West Side Neighbors participate in fall cleanup

This past Saturday Carlisle held it’s borough wide fall clean up campaign.  The West Side Neighbors teamed up with the other neighborhood organizations in the area to clean up the streets.  We will having another one in the Spring around Earth day in case you missed this one.  The Sentinel wrote up a nice piece about the clean up.

Carlisle neighbors team up against trash

Shari Minnich quickly pushed her loaded grocery cart through the crosswalk at the intersection of Bedford and North Streets. Minnich was not finishing up a shopping trip, but instead transporting overflowing garbage bags back to Carlisle Alliance Church as part of the Fall Cleanup Day sponsored by the five neighborhood associations in Carlisle.

Minnich said she found the shopping cart in an alley within the first 10 seconds of the two-hour cleanup and said it helped a lot to transport the heavy garbage bags back to the church.

The shopping cart was not the only unique find Minnich picked up with her cleaning partner, Downtown Neighborhood Connection president Laura Beaver.

“We also found some weights,” Beaver said. “We were going to work out as we walked.”

Both women belong to the East Side Neighbors Association, which has been holding cleanup events like the one Saturday for the past three years now.

“We just felt it was the responsible thing to do,” Association President Curtis Hetrick said.

Working together

This year was the first time the five neighborhood associations collaborated and held their cleanup events on the same day.

Members of the ABC Northwest Crimewatch, the East Side Neighbors Association, the Pitt Street Pride Neighborhood Association, the South of South Neighborhood Association and the West Side Neighbors all teamed up to glean the streets and alleys of the borough for litter.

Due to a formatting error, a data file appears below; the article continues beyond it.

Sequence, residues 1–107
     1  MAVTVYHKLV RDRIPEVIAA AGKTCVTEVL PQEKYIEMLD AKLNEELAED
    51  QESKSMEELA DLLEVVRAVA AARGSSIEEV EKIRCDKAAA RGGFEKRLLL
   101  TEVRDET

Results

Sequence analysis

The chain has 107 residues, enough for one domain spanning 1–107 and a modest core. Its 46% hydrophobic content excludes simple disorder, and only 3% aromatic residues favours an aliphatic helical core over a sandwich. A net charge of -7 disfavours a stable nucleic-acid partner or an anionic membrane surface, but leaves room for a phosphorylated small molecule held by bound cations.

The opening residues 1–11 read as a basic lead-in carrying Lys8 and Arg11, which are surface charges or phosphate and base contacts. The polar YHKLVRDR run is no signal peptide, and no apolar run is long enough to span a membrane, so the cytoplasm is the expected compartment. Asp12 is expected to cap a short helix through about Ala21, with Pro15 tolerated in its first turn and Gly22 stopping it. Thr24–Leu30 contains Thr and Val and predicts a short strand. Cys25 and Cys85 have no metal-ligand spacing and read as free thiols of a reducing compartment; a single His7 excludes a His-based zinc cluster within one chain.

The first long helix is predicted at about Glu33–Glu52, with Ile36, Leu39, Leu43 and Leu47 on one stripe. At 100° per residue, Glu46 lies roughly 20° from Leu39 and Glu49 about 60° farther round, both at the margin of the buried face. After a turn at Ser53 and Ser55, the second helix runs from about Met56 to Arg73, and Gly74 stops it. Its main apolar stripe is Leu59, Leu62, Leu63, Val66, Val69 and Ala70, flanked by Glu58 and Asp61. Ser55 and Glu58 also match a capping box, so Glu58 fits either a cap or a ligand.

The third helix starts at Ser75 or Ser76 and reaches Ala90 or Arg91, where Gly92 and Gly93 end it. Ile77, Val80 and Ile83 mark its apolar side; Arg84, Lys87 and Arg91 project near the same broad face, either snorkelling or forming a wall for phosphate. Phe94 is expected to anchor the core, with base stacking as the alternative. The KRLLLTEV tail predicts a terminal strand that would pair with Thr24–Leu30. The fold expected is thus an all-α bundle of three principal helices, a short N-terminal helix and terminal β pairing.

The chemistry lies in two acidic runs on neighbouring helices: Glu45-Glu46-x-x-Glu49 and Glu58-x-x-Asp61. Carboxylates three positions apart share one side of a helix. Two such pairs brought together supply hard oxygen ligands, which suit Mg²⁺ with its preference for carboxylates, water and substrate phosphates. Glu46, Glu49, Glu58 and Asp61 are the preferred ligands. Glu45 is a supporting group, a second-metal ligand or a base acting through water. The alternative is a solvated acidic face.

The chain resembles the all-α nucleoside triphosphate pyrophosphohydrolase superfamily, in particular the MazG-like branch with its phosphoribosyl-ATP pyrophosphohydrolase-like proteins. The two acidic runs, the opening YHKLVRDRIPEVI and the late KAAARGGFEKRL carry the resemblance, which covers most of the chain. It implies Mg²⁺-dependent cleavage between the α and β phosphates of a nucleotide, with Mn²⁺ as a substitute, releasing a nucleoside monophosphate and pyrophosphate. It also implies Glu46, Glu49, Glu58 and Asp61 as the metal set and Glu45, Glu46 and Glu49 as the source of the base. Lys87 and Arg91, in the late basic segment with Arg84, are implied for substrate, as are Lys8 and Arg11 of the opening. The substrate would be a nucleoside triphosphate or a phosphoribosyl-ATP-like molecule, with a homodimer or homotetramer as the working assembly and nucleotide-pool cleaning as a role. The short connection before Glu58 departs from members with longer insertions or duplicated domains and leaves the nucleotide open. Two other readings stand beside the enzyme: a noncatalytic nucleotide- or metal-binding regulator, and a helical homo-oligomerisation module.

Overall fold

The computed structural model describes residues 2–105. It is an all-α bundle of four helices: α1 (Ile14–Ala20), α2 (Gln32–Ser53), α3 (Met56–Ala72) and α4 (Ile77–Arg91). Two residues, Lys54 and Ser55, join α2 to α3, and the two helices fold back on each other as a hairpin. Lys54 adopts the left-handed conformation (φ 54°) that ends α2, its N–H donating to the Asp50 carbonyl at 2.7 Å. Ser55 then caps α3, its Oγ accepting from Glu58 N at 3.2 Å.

In addition, Elm Street Program Manager Deb Fulham-Winston said 12 Girl Scouts and seven students from Dickinson College, members of both The Keystones, a male student group interested in community service, and the Tree House Sorority, joined the cleanup efforts.

Curtis Hetrick said the East Side Neighbors Association is hoping to continue that partnership with the other associations in the future and further coordinate their cleanup events. Fulham-Winston said they hold two such cleanup days every year – in the fall and in the spring, near Earth Day.

Low turnout

However, while every volunteer helped, Beaver said she was disappointed in the turnout.

“We didn’t get a bunch of volunteers, not as many as we had hoped,” Beaver said.

Danelle Bowermaster, another member of the East Side Neighbors Association, said the number of residents from previous years was down. She said the group changed the cleanup from a morning event to an afternoon event, hoping more people would get involved, but that the time change did not make a difference.

Bowermaster, who was teamed up with Curtis Hetrick’s wife, Betsy, said the women had a great time picking up trash and meeting people in the neighborhood.

While they didn’t find anything like a shopping cart or weights, Betsy Hetrick said they picked up plenty of Halloween candy and wrappers.

“It was nice to do this after the Halloween parade,” she said of the extra trash from Monday’s event.

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